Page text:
• Harassment in and of itself, without injury, may not be a domestic violence crime because it does not involve physical injury even if it has some form of offensive touching. Singh v. Ashcroft, 386 F.3d 1228 (9th Cir. 2004).

  • In a removal proceeding, the government must establish that the convicted crime is a domestic violence crime and not only a crime of violence, and the Immigration Judge relying on testimonial evidence by the Respondent (the person that is in the removal proceeding) and family members are impermissible (incorrect). The Immigration Judge may only look at the record of the conviction. Tokatly v. Ashcroft, 371 F.3d 613, 619-624 (9th Cir. 2004).

  • However, a criminal conviction of the “domestic violence” statutes under state law is a domestic violence crime. Fernandez-Ruiz v. Gonzales, 410 F.3d 585, 587-588 (9th Cir. 2005).

  • A simple Class A Misdemeanor battery conviction is not a domestic violence even though the fact shows that the Respond beat his wife. Flores v. Ashcroft, 350 F.3d 666 (7th Cir. 2003).

  • State statutes that only require “offensive touching” only, without more on the conviction record, may not be a domestic violence crime. Matter of Martin, 23 I&N Dec. 491.

  • Even in cases where there are domestic battery convictions, but that the record of the conviction does not indicate anything more than a nonviolent touching, the conviction is not a domestic violent crime. Matter Sanudo, 23 I&N Dec. 968, 974-975 (BIA 2006).

It is important to remember that each case is different depending on the fact, the allegation or charges, and the conviction records. Often, the conviction records, including the plea form and the court’s final disposition by the court, are controlling in successfully argue whether the criminal conviction is a domestic violence crime. Please contact one of our experienced Houston Immigration Attorneys and our Houston Immigration Removal Lawyers for a consultation. After a careful review of your criminal record and a personal consultation, our Houston Deportation Lawyers would be able assess your situation and determine whether you your criminal conviction would affect your immigration status, including removability and naturalization. For more information, please contact the Houston Deportation Defense Law Firm of the Law Offices of Steven Tuan Pham at 713-517-6645.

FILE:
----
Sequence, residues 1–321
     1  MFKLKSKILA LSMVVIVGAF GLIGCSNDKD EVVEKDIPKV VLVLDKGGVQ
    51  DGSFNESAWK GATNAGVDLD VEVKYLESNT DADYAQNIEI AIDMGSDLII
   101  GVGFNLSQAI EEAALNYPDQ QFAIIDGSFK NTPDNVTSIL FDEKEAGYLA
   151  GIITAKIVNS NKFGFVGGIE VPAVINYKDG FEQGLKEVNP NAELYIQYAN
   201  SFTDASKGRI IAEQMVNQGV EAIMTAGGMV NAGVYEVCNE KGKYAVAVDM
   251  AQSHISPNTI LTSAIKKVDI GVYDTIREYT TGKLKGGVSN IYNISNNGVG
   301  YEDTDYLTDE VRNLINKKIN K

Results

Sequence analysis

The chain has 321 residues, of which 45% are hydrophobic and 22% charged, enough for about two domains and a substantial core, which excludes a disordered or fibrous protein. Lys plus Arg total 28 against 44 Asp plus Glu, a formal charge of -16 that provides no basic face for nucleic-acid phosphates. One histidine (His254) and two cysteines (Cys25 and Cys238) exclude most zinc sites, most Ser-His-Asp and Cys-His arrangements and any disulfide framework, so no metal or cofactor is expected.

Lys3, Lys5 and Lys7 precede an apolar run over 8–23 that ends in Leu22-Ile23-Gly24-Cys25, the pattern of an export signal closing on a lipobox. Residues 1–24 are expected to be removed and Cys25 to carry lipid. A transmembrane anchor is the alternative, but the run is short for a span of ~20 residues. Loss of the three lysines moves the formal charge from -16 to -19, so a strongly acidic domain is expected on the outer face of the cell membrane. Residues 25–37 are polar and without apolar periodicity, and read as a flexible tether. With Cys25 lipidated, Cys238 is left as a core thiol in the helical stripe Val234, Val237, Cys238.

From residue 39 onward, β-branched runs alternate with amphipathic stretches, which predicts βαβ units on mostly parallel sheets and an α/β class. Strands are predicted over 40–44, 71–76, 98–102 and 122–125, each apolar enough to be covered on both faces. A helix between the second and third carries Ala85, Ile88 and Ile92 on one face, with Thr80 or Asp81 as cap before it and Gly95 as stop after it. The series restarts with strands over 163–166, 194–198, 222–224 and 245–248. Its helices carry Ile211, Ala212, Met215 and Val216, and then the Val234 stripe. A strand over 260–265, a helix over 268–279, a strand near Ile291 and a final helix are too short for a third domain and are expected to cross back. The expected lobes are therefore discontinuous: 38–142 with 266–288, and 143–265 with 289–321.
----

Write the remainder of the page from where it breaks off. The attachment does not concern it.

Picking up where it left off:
Immigration Law is a vast area of law and every situation is unique. You should NOT rely on the limited information on this general site in replacing a personal consultation with an experienced Houston PERM Application Lawyer or an experienced Houston PERM Labor Certificate Application Attorney. There may be legal issues, depending on the facts and circumstances, that go to the merit of the case, in which you may not be aware. Please feel free to give us a call at 713-517-6645 , or to contact us online, for more information. Call the Houston PERM Immigration Attorneys and the Spring Houston PERM DOL Labor Cert Lawyers at the Law Offices of Steven Tuan Pham today at 713-517-6645 or complete our Contact Form.